By TOM KIZZIA
Anchorage Daily News
May 31, 2007
The ads were identified as coming from an organization called Americans for American Energy, which described itself a "grassroots-based group" with support from coast to coast.
In fact, Americans for American Energy was an empty front, set up by a political ad agency working under a controversial $3 million sole-source contract from the State of Alaska.
The ad campaign was funded by the Legislature last year to press Congress to open the Arctic National Wildlife Refuge to drilling. But Congress didn't do it, and with Democrats now in charge, the prospects for drilling are dimmer than ever.
This month, however, the Legislature voted to extend the contract for Pac/West Communications another year and broaden its mission to include "continued education efforts on Alaska energy issues."
Gov. Sarah Palin at first supported continuing and expanding the contract. But last week, after questions were raised about how Pac/West had spent $1.3 million in state funds so far, Palin reconsidered. Now she is pulling the plug on the state's advertising campaign. Palin's concern, a spokeswoman said, was not with the campaign itself but with the hurried $3 million contract, which "was not part of an open and transparent process."
Palin plans to freeze the contract, "re-evaluate the needs of those dollars and, if appropriate, start a new award process" with competitive bids, said Meghan Stapleton, the governor's communications director.
On the losing end of the decision is Oregon-based Pac/West, a company with conservative Republican ties known here for its recent political campaigns opposing efforts to ban bear baiting in Alaska and impose new taxes on cruise ships.
Alaska House Speaker John Harris, R-Valdez, said the state went with a no-bid contract because time was short, Harris said. The no-bid deal raised hackles among some Republicans as well as Democrats last year. But it was defended by U. S. Senator Ted Stevens' son, then-Senate President Ben Stevens, R-Anchorage.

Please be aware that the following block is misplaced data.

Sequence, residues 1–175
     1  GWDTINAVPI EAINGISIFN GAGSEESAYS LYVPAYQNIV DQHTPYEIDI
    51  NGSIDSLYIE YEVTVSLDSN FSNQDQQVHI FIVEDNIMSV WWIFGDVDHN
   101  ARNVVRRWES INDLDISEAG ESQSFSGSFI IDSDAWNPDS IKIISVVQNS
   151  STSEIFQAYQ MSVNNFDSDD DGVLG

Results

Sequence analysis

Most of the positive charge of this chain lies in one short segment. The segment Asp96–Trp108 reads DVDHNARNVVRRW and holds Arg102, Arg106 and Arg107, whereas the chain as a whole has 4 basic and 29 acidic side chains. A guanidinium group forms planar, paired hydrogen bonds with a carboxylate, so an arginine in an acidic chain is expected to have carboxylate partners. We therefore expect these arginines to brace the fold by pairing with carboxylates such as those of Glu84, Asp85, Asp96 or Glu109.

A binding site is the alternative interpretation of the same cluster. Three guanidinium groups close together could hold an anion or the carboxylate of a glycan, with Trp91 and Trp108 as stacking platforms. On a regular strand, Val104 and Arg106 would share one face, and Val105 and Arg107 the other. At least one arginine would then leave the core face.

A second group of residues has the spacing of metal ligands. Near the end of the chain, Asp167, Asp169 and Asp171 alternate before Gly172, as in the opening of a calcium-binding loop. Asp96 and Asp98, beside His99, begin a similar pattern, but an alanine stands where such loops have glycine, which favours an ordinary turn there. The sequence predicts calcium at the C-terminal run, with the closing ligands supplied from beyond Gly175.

The creation of a front group by Pac/West for its campaign reprised a familiar strategy for the company. Such organizations, often funded by industries with a stake in the political process, have become common ways to carry their media message under the appearance it has grassroots support among ordinary people. Critics refer to them as Astroturf groups.
Pac/West's failed $1 million ad campaign against a new cruise-ship tax, for example, featured Alaska small-business owners. But it was financed almost entirely by the North West CruiseShip Association of Vancouver, British Columbia, according to state campaign records.
In the case of the oil-backed ads, the focus group-named Americans for American Energy paid for newspaper and radio ads that targeted Nebraska, North Dakota, Arkansas and Montana. The advertising equated drilling on American soil with national security. The ads never use the words "Alaska" or "wildlife refuge."
An e-mailed "action alert" hit harder, talking about Iran, terrorism, nuclear weapons and the need for "drilling in just .01 percent of a barren, mostly frozen area known as ANWR."
The state-funded campaign included paying subcontractors to write opinion columns for newspapers and appear on talk radio, according to spending records.
Distributed to subscribers for publication by
Scripps-McClatchy Western Service, http://www.scrippsnews.com
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